11:49 And so I don’t think there is anything being done right now that I know of where they’re cleaning it or putting it through any type of process. Because it’s usually a really expensive process, I think they’re trying to find ways to do it at a lower cost. But for now, I haven’t heard of anything being done about it. And pretty much where we come in is more on the health and education piece.
12:21 And when we did this project, the homes that we tested drinking water from, all of them were safe. And so I think if we did find one that wasn’t safe, first we would reach out to the public water utility company. There is groups out there that help with plumbing, in organizations. But yeah, right now, we didn’t find any place that was really contaminated as far as home. My dream would be, as far as if we think about water, and there was no limit to clean up the water, to really be able to have a plant out there that could clean up the water and give people confidence in water. I think people need to have a clean community water system, too.
13:29 And so, like I said, there are families that can’t afford it or they don’t have a place to go to get water, so they use livestock water. If they had a better place and a cleaner place, I feel like that would be good. We got a little bit of funding from Nalgene to do a community water project. And so, what we’re trying to do is trying to find a place. It could be at a store, at a church, at a school, somewhere where people can go to get their water.
14:05 And so we’re trying to do a community water system. And during COVID on Navajo Nation, they had established some community water locations but I think it got expensive and they’re not doing that anymore. But I feel like things like that would really benefit people that need it. And so that would be good to just have places on the Navajo Nation. Because the Navajo Nation has 110 communities. So within each community, if there was one place that people could get clean water, then I feel like that would be really helpful.
14:50 And so I feel like that would be good, education, just having students learn about water. And of course, the traditional and cultural aspects, making sure that is being taught and respected. And then there are a lot of studies on the Navajo Nation as far as water, water quality. But making sure that those are being communicated back to the people, I feel like that is really important. And so, if money was no object, to make sure that everyone knows where their water source is and then what their readings are at home, what can be done, drink tap water if they’re able to. Those, I think are really important.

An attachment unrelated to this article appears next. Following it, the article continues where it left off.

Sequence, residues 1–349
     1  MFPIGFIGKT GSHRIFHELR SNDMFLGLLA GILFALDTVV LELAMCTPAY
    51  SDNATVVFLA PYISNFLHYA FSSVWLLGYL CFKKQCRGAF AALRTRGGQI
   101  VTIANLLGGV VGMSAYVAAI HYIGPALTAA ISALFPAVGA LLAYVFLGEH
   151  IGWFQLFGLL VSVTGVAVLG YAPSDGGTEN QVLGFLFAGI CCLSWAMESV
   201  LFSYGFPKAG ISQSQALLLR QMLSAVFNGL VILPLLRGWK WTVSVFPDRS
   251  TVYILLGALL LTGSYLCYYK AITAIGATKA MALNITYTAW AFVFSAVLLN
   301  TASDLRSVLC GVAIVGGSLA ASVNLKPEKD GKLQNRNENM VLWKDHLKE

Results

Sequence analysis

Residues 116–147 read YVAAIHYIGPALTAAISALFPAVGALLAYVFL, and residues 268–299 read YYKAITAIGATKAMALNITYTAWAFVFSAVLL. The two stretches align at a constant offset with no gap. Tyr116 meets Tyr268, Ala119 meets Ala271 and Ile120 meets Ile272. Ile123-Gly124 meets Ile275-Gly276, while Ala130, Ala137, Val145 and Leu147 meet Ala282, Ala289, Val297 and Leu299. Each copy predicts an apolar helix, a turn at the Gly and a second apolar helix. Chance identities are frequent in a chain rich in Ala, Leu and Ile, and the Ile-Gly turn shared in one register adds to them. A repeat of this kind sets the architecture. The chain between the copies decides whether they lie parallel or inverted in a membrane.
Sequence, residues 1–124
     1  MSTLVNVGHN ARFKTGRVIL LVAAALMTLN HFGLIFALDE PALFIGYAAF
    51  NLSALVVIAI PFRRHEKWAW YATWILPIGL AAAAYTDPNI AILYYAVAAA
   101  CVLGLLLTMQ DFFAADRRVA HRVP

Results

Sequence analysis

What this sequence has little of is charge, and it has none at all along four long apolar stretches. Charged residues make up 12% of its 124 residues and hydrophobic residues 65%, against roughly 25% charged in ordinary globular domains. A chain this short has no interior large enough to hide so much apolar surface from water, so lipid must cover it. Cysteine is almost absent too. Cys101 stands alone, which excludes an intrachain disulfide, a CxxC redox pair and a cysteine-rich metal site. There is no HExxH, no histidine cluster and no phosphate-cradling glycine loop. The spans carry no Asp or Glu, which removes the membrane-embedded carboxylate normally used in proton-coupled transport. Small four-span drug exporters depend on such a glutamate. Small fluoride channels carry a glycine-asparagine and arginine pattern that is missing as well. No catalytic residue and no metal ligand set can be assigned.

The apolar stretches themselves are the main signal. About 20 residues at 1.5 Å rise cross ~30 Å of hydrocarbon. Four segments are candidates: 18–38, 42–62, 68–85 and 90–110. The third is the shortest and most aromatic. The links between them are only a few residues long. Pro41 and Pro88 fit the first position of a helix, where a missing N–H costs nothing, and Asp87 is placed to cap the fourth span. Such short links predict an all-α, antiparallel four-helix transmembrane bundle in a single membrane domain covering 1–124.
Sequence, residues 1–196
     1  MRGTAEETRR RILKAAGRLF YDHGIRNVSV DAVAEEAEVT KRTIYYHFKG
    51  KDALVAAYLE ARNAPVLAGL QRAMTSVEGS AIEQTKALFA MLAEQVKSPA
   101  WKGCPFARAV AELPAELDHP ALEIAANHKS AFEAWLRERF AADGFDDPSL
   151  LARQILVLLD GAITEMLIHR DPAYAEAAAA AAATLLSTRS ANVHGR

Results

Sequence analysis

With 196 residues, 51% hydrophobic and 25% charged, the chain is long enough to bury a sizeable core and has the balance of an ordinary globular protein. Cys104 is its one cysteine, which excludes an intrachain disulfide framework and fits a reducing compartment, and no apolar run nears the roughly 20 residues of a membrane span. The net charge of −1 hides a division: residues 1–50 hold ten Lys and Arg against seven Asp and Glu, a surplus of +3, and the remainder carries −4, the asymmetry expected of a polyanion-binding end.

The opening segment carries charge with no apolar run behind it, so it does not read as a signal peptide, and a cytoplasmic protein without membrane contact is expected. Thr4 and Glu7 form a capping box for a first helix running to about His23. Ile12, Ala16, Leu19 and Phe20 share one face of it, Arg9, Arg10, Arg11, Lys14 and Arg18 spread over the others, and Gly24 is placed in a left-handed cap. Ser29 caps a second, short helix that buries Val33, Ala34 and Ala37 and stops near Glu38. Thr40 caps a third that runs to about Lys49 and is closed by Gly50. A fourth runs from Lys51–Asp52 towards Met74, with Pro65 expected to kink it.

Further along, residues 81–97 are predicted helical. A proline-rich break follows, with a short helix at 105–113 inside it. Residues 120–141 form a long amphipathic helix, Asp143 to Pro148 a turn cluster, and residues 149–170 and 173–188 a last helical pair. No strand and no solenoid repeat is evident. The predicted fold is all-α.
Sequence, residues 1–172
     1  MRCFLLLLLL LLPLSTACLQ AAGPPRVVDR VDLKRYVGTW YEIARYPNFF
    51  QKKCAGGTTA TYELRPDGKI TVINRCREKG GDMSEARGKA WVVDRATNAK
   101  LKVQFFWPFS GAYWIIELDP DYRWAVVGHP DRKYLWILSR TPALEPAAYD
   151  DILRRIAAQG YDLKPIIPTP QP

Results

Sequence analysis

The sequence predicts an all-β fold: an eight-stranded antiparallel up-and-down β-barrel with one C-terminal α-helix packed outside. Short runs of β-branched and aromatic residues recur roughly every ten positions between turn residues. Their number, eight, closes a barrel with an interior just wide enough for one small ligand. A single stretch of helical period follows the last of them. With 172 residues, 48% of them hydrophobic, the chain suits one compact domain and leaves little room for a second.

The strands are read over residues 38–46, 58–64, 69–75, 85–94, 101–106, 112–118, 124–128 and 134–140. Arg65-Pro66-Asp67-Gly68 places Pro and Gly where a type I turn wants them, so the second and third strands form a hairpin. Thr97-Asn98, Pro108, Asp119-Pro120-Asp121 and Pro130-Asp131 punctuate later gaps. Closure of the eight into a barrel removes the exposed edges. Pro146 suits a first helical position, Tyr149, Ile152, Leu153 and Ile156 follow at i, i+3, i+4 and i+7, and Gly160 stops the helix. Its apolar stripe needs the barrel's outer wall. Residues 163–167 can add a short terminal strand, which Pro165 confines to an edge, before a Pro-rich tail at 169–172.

Vicky Thompson: 15:50 So Shane, are you inspired to be a better steward of the planet?
Shane Hanlon: 15:54 Yeah. I’m happy personally, about our solar panels, but sure, I recognize that we could all be doing probably a little more.
Vicky Thompson: 16:02 Yeah. I’d like to start composting.
Shane Hanlon: 16:05 Yeah. I will say we have a compost bin that we’re not very good at.
Vicky Thompson: 16:12 Yeah, that’s what happens to me, I always have false starts. But one day I want to …
Shane Hanlon: 16:19 Maybe you and-
Vicky Thompson: 16:19 … do well-
Shane Hanlon: 16:19 … I could make a joint New Year’s resolution to be composting in the new year.
Vicky Thompson: 16:24 Yeah, we could check in with each other on it. That’s great.
Shane Hanlon: 16:27 There we go, perfect. We’ll hold each other accountable.
Vicky Thompson: 16:29 Yeah.
Shane Hanlon: 16:30 And so with that and everyone on this podcast hearing that, please don’t hold us to that.
Vicky Thompson: 16:35 No.
Shane Hanlon: 16:37 That’s all from Third Pod From The Sun.
Vicky Thompson: 16:41 Special thanks to Laura Crance for conducting the interview, and to you, Shane for producing the episode. Audio engineering was by Colin Warren, with artwork by Olivia Ambrogio.
Shane Hanlon: 16:50 If you’d like to see video for at least part of this interview, you can head over to YouTube and search for AGU TV.
Vicky Thompson: 16:57 We’d love to hear your thoughts. Please write and review the podcast and you can find new episodes in your favorite podcasting app or at thirdpodfromthesun.com.
Shane Hanlon: 17:06 Thanks all, and we’ll see you tomorrow.